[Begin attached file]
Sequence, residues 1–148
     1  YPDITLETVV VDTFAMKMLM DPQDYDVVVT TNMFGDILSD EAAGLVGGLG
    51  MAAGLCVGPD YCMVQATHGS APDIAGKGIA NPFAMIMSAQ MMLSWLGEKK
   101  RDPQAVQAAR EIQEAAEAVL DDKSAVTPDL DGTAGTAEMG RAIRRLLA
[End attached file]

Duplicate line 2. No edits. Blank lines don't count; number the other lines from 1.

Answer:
     1  YPDITLETVV VDTFAMKMLM DPQDYDVVVT TNMFGDILSD EAAGLVGGLG